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Biological Chemistry

Designer molecule tracks copper’s role in fatty liver disease

Copper-selective probe is a new tool for studying metal deficiency in live mice

by Celia Henry Arnaud
December 6, 2016

Drawing of mouse highlighting liver and reaction scheme showing the use of caged luciferin to detect copper.
Credit: Proc. Natl. Acad. Sci. USA
A caged luciferin (CCL-1) detects copper in the livers of live mice. Copper-mediated oxidative cleavage releases luciferin to serve as a substrate for the enzyme luciferase, which converts the luciferin to oxyluciferin, releasing light in the process. TPA=tris[(2-pyridyl)-methyl]amine; AMP=adenosine monophosphate; ATP=adenosine triphosphate.

Copper imbalances are suspected to play a role in a number of diseases. But tools for detecting the metal in living organisms have been lacking. Christopher J. Chang, Andreas Stahl, and coworkers at the University of California, Berkeley, have now developed a bioluminescent probe for detecting copper in specific organs (Proc. Natl. Acad. Sci. USA 2016, DOI: 10.1073/pnas.1613628113). Measurements with the probe reveal a copper deficiency associated with fatty liver disease, a condition in which fat accumulates in liver cells, leading to inflammation and potentially cirrhosis.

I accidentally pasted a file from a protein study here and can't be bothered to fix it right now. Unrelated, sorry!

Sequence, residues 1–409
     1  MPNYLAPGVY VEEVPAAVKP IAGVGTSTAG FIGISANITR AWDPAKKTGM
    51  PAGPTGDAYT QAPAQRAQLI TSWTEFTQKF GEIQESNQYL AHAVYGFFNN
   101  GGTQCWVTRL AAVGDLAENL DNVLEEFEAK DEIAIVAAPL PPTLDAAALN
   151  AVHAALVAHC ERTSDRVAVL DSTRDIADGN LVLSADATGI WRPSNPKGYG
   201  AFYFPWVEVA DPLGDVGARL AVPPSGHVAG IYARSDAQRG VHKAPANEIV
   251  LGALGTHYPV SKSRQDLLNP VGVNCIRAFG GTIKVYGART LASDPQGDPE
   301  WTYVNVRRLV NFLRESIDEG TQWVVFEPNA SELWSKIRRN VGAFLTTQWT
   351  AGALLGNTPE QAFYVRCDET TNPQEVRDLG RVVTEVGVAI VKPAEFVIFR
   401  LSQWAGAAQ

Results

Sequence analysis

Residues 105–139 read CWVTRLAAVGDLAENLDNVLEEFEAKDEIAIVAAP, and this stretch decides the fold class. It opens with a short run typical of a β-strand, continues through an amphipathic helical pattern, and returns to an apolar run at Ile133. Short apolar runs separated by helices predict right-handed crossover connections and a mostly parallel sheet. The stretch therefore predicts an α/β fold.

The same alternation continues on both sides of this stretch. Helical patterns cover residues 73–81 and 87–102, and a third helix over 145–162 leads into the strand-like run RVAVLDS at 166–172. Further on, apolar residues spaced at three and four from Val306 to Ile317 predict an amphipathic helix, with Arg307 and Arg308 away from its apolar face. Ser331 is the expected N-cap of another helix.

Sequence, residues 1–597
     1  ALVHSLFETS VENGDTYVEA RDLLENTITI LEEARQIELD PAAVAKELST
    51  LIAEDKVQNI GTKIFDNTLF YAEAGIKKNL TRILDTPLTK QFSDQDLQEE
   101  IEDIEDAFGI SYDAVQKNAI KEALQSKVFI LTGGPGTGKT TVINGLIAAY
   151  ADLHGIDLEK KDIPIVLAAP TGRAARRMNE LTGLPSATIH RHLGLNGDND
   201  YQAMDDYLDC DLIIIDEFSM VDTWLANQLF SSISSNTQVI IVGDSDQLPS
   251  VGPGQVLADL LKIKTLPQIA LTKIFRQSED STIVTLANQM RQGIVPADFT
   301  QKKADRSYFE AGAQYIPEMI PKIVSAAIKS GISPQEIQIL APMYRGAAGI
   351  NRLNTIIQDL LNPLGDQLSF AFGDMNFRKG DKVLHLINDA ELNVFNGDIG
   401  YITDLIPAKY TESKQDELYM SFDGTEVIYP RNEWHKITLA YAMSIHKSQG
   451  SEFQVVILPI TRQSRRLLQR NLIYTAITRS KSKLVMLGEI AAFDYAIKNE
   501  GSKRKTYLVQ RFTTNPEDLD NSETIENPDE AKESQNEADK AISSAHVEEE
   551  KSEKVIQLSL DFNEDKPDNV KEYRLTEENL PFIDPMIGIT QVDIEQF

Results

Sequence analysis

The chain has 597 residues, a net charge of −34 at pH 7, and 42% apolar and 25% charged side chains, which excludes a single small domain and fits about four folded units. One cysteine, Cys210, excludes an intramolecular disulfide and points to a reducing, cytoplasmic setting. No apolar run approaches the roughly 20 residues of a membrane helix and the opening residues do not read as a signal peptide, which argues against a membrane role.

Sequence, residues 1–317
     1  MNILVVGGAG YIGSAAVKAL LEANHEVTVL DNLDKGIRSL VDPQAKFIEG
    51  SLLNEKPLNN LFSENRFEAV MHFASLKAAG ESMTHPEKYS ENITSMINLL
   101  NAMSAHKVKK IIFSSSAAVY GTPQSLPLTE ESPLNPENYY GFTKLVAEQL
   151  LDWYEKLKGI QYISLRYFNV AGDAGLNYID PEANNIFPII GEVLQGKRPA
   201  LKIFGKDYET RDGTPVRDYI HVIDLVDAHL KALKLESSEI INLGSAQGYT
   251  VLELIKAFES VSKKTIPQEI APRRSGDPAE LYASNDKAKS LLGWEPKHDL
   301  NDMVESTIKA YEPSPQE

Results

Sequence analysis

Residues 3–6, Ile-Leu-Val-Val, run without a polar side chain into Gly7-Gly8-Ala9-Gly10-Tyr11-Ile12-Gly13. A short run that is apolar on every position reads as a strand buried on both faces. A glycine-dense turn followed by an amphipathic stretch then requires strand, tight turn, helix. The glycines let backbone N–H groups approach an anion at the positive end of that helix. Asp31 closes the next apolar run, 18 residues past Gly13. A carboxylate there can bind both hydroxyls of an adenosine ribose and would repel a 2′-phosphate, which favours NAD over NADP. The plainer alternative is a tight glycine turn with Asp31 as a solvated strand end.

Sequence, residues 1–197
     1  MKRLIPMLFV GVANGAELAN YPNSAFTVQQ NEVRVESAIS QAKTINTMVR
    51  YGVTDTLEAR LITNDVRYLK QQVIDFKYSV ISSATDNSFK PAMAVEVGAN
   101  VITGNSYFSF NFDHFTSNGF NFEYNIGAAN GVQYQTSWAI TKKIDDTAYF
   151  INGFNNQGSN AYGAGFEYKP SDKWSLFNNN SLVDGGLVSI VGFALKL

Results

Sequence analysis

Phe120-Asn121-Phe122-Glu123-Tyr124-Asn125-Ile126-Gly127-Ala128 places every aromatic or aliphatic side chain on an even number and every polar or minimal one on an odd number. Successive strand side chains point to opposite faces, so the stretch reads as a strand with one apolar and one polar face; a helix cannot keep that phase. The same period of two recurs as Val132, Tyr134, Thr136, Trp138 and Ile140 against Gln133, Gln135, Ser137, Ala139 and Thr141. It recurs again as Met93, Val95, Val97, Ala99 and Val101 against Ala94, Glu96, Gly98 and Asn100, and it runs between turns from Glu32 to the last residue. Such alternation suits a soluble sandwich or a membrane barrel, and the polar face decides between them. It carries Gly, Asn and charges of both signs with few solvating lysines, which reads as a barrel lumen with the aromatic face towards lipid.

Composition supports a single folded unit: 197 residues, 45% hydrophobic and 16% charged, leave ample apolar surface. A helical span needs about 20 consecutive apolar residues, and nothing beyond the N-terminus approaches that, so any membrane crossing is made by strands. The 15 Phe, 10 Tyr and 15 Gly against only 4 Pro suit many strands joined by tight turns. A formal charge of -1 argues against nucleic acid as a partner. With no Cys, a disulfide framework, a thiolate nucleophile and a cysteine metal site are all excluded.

The probe is a caged luciferin molecule that is held in a nonluminescent state by a tris[(2-pyridyl)-methyl]amine ligand. When copper is present, oxidative cleavage of the ligand releases luciferin, which is then free to be a substrate for the enzyme luciferase and produce a bioluminescent signal. The magnitude of that signal is proportional to the copper concentration. The researchers achieved organ-specific copper detection by using genetically engineered mice that produce the signal-generating luciferase only in their livers.

The Berkeley team induced fatty liver disease in the mice by feeding them a high-fat diet. Measurements with the probe revealed that mice with fatty liver disease had less copper in their livers than did healthy mice.

“We identified that the copper deficiency shows up within about four weeks in the animal model,” Chang says. Other symptoms associated with fatty liver disease, such as glucose intolerance and insulin resistance, show up much later, he adds.

Earlier this year, Chang’s team reported that fat cells need copper to metabolize fat (Nat. Chem. Biol. 2016, DOI: 10.1038/nchembio.2098). “In one case, we showed that copper is essential for burning fat in fat cells,” Chang says. “Now we’re showing that if you accumulate a lot of fat in the wrong place, it’s accompanied by a deficiency in that same signaling metal.”

The new study “provides another puzzle piece on the hypothesis that nonalcoholic fatty liver disease is associated with copper deficiency,” says Peter Ferenci, a professor at the Medical University of Vienna who has been studying the connection between copper and fatty liver disease for 10 years. “The methods used are innovative and give a clear basis for further research on this topic.”

The probe molecule can’t be used for imaging in humans because of the need for luciferase, which was genetically engineered into the mice. But the Berkeley researchers plan to adapt the reaction-dependent copper detection for standard diagnostic methods such as MRI and PET imaging that can be used in humans. Chang is also eager to study whether copper supplementation could be used to treat fatty liver disease.



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